Facilitate Culture Change
James Shimmen

James Shimmen

Operations Director

Choosing the Right Tools for the Job

I recently attended the Psychological Testing Centre’s (PTC) Test Publishers Forum where they presented the results of the 2016 annual member’s survey and this provided some interesting statistics and some food for thought.

The PTC are part of the British Psychological Society who set the standards in testing and provide the nationally recognised qualifications in test use required to use most psychometric tests.

The results of the annual survey showed that a massive 80.5% of test users base the decision of which test to use on familiarity with a tool. Essentially we are all happiest to stick with what we know. But by doing that is there a risk we are not using the best tool for the job?

With so many assessments available on the market how do we find out more about the tests available and what information should we be looking for?

Where to look?

A good place to start when considering test choice would be the PTC website . The PTC register of tests provides a list of psychometrics that have met a certain standard in terms of the key EFPA criteria, including the quality of the test’s technical and user documentation, the quality of the test materials, the test’s validity, reliability, and the provision of norms or other information necessary for meaningful interpretation of scores. As well as the register they also provide test review that provide a deeper independent analysis of the assessment and its strengths and limitations.

Do your research!

Once you have found what might be the right too for the job it’s important to check the quality. When asked what were the most important features of a psychometrics test RQTU members over 91% of members said that reliability and validity were ‘very important’ which is great as it means we are all remembering our training! But is that all we should be looking at? There are other factors to consider! Face validity is really important particularly when selecting an ability assessment for a recruitment project. It should be clear to the individual completing the test why. If you’re not sure, ask the test provider to see examples of the questions is there a clear link between the test and the role. As well as being important to the candidate, the result of the test should be giving you some useful information on if the candidate has the abilities and traits required to perform a role.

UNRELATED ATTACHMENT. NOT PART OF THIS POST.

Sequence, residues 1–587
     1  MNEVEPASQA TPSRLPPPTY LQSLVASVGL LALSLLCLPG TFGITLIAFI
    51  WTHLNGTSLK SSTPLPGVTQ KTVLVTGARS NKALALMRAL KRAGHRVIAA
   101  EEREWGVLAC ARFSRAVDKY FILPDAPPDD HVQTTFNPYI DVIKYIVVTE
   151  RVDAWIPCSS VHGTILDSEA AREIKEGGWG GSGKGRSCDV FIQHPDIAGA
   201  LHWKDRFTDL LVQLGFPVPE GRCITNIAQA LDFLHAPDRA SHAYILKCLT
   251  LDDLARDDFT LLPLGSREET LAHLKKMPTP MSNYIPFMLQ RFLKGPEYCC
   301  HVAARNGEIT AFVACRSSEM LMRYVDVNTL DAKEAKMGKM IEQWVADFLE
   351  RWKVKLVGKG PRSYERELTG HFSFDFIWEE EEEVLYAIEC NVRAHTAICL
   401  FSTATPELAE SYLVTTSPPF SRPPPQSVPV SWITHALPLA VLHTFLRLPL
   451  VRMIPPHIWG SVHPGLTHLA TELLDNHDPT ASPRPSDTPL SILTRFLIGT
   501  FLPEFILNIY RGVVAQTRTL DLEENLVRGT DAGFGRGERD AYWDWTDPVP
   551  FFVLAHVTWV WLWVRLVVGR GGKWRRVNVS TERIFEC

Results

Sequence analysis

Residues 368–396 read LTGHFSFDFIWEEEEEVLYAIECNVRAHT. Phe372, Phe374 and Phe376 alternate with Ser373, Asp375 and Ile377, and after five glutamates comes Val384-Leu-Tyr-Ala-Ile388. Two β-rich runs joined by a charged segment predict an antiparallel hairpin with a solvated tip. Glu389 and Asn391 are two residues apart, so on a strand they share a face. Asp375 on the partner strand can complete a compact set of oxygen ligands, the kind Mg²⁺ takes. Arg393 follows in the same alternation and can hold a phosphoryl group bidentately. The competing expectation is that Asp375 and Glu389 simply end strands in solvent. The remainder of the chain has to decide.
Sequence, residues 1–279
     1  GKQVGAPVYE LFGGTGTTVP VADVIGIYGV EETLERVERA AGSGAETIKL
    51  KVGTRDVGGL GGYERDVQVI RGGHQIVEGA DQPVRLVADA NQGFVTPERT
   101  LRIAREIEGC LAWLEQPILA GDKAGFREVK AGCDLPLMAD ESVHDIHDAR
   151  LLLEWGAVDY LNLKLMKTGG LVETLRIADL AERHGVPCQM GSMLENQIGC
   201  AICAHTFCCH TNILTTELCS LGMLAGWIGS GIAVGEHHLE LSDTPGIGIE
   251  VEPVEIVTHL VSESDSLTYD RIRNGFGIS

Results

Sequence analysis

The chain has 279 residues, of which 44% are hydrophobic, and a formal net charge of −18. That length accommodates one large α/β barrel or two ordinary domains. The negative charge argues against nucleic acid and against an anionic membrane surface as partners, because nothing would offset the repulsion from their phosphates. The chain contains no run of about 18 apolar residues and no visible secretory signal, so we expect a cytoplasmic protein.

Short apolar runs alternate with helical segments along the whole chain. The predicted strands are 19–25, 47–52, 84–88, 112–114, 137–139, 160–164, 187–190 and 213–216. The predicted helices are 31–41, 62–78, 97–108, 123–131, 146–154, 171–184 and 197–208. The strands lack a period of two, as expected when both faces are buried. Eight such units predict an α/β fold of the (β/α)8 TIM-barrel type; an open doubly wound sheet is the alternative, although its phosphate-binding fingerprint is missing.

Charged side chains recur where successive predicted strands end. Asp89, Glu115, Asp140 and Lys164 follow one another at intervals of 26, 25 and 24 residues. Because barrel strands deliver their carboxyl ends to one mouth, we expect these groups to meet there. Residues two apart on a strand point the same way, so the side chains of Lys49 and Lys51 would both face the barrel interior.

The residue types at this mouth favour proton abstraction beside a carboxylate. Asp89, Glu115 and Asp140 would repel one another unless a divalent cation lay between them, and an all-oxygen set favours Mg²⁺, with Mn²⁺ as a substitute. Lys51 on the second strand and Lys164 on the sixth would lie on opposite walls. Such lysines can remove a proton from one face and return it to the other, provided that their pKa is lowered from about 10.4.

Don’t be afraid to ask!

When speaking to a new test provider about an unfamiliar test it’s always a good idea to ask to see reliability and validity data and to give the test a try to make sure it fits with what you are looking for. With any new or existing test client we are always happy to answer questions about tests and make recommendations when a client is not sure what the best assessment might be and despite having one of the largest range of tests available we are not afraid to suggest tests we can’t provide if we feel it will be better for the client. One of the benefits of being able to provide tests from a range of supplier’s means that we can provide an independent recommendation and are not wedded to any single suite of tests. We will always suggest what we think is best and if someone is not familiar with a tool; provide the information they need to feel comfortable taking the leap with a new unfamiliar survey.

Talk to us

If you have any upcoming assessment projects and are wondering if its time branch out from the same test you’ve been using since you qualified then give us a call on 01491 845 536 or email us at info@getfeedback.net and we’d be happy to help broaden your psychometric horizons!

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